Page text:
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Major heritage site Domaine de Freÿr undergoes unique green restoration
It’s one of most beautiful sites in Wallonia, overlooking one of the most idyllic stretches of the Meuse river, south of Dinant. Now the Domaine de Freÿr in Hastière, has been restored in a unique project combining architectural heritage, ecology and the local economy.
The castle and its adjoining land have been transformed into a sustainable estate that echoes its former life. Dating from the 14th century, the family-owned stately home resembles a mini Versailles with its terraced gardens, water features, 6km labyrinth, ancient orangery and 18th-century summer folly.
Launched in 2012 by the Domaine de Freÿr non-profit association, the project is supported by the Laubespin Lagarde Fund, managed by Belgium’s leading philanthropy institution the King Baudouin Foundation (KBF). “Consideration was given to how to ensure its sustainability while reducing its environmental footprint; these two characteristics being often difficult to reconcile, ” says KBF spokesperson Cathy Verbyst.
As part of the ‘Zero Emissions Château’ project, the 10-year restoration work improved energy performance and waste water purification as well as renovating the ancient façades and interior woodwork according to traditional artisan techniques. A new heating boiler uses woodchips from the estate’s forest.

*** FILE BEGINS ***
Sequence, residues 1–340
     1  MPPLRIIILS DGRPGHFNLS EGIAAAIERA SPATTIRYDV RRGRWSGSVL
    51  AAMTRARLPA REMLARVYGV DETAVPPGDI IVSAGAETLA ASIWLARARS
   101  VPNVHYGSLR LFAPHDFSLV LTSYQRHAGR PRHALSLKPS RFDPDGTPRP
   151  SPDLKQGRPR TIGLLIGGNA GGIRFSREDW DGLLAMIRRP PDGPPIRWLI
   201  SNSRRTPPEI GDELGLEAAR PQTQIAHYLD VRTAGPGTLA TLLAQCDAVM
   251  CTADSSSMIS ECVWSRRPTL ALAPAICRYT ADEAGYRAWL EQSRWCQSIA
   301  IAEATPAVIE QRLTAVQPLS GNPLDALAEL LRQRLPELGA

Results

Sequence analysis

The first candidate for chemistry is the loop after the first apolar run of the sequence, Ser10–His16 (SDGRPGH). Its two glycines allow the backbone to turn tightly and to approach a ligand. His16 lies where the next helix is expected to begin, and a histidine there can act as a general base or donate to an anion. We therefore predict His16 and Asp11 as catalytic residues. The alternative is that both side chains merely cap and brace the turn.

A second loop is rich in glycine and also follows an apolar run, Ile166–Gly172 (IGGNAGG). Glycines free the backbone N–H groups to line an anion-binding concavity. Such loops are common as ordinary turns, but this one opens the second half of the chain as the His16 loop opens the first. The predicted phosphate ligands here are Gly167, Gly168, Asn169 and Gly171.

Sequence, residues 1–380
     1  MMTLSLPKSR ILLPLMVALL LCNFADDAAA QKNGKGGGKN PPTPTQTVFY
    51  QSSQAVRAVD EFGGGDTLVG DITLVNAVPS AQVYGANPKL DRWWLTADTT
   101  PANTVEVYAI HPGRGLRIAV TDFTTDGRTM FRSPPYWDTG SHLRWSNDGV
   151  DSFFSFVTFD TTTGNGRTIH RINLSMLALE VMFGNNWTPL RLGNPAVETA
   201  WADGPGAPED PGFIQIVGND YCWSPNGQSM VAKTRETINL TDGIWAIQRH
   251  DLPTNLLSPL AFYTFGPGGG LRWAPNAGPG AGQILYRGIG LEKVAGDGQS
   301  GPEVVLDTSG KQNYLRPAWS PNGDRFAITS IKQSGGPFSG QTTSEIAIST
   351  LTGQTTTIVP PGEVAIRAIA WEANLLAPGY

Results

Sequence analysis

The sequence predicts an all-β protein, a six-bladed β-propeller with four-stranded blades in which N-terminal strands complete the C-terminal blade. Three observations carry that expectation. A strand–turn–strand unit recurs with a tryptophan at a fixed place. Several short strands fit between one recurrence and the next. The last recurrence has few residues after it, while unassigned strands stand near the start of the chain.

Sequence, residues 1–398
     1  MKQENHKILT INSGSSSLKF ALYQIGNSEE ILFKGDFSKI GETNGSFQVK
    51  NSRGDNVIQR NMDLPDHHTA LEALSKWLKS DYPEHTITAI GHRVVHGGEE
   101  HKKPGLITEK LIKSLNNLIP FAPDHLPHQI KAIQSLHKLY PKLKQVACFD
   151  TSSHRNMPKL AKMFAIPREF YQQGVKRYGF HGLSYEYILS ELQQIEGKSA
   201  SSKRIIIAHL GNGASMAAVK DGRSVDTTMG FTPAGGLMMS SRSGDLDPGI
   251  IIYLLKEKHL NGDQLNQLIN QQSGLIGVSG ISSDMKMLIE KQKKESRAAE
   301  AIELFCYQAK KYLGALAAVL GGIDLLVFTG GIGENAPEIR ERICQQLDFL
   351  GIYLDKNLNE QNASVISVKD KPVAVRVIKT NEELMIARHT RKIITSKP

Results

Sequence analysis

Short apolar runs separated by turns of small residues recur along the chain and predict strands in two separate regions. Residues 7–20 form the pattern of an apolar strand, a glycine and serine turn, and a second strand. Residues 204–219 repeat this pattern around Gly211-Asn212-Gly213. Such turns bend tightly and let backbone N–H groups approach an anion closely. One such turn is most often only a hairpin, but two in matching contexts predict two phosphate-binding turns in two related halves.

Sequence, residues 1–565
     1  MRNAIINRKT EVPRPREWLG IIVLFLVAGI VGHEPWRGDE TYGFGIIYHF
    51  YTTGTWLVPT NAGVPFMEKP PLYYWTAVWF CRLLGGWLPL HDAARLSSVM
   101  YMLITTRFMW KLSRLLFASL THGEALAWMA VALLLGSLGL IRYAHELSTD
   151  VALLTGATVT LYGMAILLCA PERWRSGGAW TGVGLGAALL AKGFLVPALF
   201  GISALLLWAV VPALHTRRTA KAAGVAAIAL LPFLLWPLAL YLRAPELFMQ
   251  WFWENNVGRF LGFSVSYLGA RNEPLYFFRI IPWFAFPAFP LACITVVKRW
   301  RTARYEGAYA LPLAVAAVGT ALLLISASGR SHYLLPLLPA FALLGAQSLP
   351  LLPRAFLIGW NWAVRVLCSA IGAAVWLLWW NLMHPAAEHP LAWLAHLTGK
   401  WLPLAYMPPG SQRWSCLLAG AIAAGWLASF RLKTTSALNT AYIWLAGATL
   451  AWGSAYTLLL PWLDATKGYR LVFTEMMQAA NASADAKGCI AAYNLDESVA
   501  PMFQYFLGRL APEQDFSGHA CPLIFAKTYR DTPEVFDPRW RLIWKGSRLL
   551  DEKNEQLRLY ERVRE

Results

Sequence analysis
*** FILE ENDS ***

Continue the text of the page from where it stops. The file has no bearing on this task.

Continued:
One of the many challenges to renovating the site, listed as exceptional Walloon heritage, was to limit repair work to the strict minimum to respect the original construction, explains architect Bertrand Dierckx of DG-Architects. Local companies and artisans were employed to privilege the short circuit. “We stuck to the same people throughout, which is extremely important if you wish to ensure the quality and respect for the work undertaken.”
Among the more noticeable changes, the surrounding area has been returned to meadow orchards after a study showed fruit trees once occupied the land. Rising behind the castle and its landscaped gardens, the encroaching woodland was cleared and cherry, apple, pear and plum trees planted. A local cider maker will exploit the orchard to make juice and some 20 sheep owned by a local breeder complete the bucolic scene.
The traditional meadows also play an important ecological role, says Mathieu Halford, Natura 2000 advisor at non-profit Natagriwal. “It’s a really interesting habitat for biodiversity, an environment that is favourable to numerous animal species, such as pollinating insects, cave-dwelling birds and small mammals.” Care was taken to preserve Freÿr’s bat colony that inhabit the loft of the castle barn and hunt in the meadow orchard.
While grandiose and historically significant, the Renaissance estate is nevertheless accessible and unassuming. The low-lying structure is flanked by grey stone farm buildings, which along with the landscaped gardens, are all visible from the winding road that hugs the road between Dinant and Givet, just across the border in France.
This was once a highly-sought area for second homes by Brussels gentry, but fell out of favour after the first world war. Freÿr castle remains a jewel in this quiet and unspoiled expanse of the Meuse river and one better equipped to face the future.
Domaine de Freÿr
Book online for visits
Entrance fee: €8.50 adults, children under 12 free